Shares of flooring retail specialist Lumber Liquidators Holdings Inc (LL -2.37%) were down 16.8% at 12:45 p.m. EDT on May 2, following the release of the company's first-quarter results before the market opened today.
The good news is that the company reported sales of $248.4 million, a 6.4% year-over-year increase, including a 4.7% boost in same-store sales. Gross margin also strengthened to 34.9%, up from 32.6% one year ago, on a combination of lower expenses related to its air testing program and an improved mix of products available in its stores.
The bad news -- and this is what's probably driving today's big sell-off -- is that the company reported a net loss of $0.93 per share, much bigger than the consensus Wall Street analyst expectation of a $0.21-per-share loss. Here's a closer look at the company's earnings release, and what the market may be missing today.
This could be the most important part of the earnings release
Lumber Liquidators did report a much wider loss than expected, but $18 million of the $26.4 million net loss Lumber Liquidators reported was tied to potential resolution of one of the company's biggest ongoing legal challenges, as it took an $18 million charge in the quarter related to the litigation related to the company's former Chinese-made laminate flooring.
The company's 10-Q pointed out that this is an estimate, and there remains uncertainty as to the final outcome, but this is a major step forward for the company. There is other litigation, but this is by far the biggest legal case and would be likely to set a precedent for other cases in the U.S. if a settlement is reached.
How Lumber Liquidators' balance sheet looks
Lumber Liquidators ended the first quarter with $11 million in cash, up $700,000 since the beginning of the year, and a $72 million balance on its line of credit, a $32 million increase in total debt. But Lumber Liquidators' accounts payable -- that is, money it owes vendors, suppliers, and the like -- decreased by $33 million. Combined, the company's working capital -- a measure of its short-term assets and liabilities -- improved about $10 million over the quarter.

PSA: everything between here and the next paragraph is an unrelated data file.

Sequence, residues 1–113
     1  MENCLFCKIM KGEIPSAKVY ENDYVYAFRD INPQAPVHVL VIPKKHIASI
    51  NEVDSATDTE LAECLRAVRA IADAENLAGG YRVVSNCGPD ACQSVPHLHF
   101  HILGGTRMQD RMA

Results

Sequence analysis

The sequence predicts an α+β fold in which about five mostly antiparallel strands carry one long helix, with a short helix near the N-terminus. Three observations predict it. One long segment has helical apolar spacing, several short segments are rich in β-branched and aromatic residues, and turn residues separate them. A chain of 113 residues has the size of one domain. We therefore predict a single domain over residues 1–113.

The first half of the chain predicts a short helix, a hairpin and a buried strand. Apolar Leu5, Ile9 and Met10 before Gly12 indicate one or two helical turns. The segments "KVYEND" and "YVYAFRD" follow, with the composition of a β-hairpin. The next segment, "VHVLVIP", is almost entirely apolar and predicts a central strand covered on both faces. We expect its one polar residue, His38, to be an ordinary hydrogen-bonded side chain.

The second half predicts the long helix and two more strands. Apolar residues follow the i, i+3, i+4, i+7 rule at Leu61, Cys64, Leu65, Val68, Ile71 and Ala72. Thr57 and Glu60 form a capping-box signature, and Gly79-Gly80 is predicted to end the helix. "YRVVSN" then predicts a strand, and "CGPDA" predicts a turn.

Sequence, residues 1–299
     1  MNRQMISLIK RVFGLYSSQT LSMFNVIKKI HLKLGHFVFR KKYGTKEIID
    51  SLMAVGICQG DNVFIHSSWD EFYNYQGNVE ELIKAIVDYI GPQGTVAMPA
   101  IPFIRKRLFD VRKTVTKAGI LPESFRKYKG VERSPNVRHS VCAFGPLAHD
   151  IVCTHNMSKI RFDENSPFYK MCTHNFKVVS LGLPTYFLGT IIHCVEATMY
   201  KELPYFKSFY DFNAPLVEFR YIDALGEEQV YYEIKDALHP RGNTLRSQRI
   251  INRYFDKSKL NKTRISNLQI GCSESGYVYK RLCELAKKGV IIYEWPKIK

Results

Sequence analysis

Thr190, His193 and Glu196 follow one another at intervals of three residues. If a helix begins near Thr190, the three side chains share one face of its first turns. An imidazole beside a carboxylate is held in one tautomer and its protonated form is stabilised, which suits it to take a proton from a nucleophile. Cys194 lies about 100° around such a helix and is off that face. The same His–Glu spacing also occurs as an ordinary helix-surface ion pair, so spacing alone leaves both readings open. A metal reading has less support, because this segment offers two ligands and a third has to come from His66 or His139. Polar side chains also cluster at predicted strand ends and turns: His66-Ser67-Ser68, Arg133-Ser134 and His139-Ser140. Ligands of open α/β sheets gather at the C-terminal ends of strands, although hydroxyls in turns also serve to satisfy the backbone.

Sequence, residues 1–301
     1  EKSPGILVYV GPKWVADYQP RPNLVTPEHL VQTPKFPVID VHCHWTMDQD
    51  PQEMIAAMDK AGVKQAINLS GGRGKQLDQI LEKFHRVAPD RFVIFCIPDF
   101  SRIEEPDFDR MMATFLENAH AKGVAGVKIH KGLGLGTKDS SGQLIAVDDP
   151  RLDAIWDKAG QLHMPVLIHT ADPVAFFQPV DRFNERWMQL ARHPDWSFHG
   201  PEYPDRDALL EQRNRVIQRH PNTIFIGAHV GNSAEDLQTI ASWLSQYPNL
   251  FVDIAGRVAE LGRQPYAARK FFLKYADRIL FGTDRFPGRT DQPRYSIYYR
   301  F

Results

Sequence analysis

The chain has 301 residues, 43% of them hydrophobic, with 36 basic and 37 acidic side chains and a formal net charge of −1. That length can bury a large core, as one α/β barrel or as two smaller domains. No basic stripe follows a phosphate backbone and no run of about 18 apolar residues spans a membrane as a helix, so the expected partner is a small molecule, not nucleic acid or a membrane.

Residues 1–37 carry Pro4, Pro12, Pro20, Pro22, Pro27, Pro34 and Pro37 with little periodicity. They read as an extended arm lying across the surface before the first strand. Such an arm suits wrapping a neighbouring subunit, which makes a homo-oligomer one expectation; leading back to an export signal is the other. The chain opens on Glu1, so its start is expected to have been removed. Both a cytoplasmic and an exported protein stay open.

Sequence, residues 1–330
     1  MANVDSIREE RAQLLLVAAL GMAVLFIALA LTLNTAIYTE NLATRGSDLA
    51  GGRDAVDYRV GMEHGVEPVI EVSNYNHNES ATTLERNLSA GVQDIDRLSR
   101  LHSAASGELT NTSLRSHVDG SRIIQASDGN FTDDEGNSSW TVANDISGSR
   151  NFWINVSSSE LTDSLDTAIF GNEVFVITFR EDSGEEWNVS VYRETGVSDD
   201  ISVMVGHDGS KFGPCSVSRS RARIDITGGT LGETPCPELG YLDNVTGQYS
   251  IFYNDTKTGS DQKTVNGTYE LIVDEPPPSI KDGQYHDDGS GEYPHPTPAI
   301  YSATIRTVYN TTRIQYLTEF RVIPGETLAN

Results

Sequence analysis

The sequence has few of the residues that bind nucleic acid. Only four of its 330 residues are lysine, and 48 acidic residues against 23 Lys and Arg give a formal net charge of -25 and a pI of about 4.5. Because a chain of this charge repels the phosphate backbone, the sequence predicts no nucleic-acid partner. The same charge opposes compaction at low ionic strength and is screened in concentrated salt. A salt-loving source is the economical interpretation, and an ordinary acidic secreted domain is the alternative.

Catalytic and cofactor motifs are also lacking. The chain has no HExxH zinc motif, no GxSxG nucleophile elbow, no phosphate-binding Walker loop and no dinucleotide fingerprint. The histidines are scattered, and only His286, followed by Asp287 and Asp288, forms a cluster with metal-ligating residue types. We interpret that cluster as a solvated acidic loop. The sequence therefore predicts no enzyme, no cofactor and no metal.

When looking at both current and long-term assets and liabilities, the balance sheet weakened by $25 million, but it's important to note that $18 million of that amount, as mentioned, was related to the Chinese-made laminate litigation.
In other words, working capital improved, and the vast majority of capital burn in the quarter was related to a major step forward from the litigation albatross that has weighed on the company for nearly two years.
Looking ahead: Not out of the woods, but moving forward
To be clear, there's a big difference between taking an $18 million liability toward a potential settlement and a court-approved "done deal." But as things stand today, it seems that the market is selling on the headline of a bigger-than-expected loss, even though the driver of that loss is probably a very good thing for the company.
Yet even when adjusting for the impact of the $18 million charge, Lumber Liquidators still would have posted a loss, though much more narrow. At the same time, the company has seen revenue, comps, and gross margin improve every quarter for nearly a year now, and with a generally strong housing market and economy, there's good reason to expect that trend to continue.
If that's the case, and the company is indeed coming close to settling its Chinese-made laminate class action, the future could be pretty bright for Lumber Liquidators and its shareholders.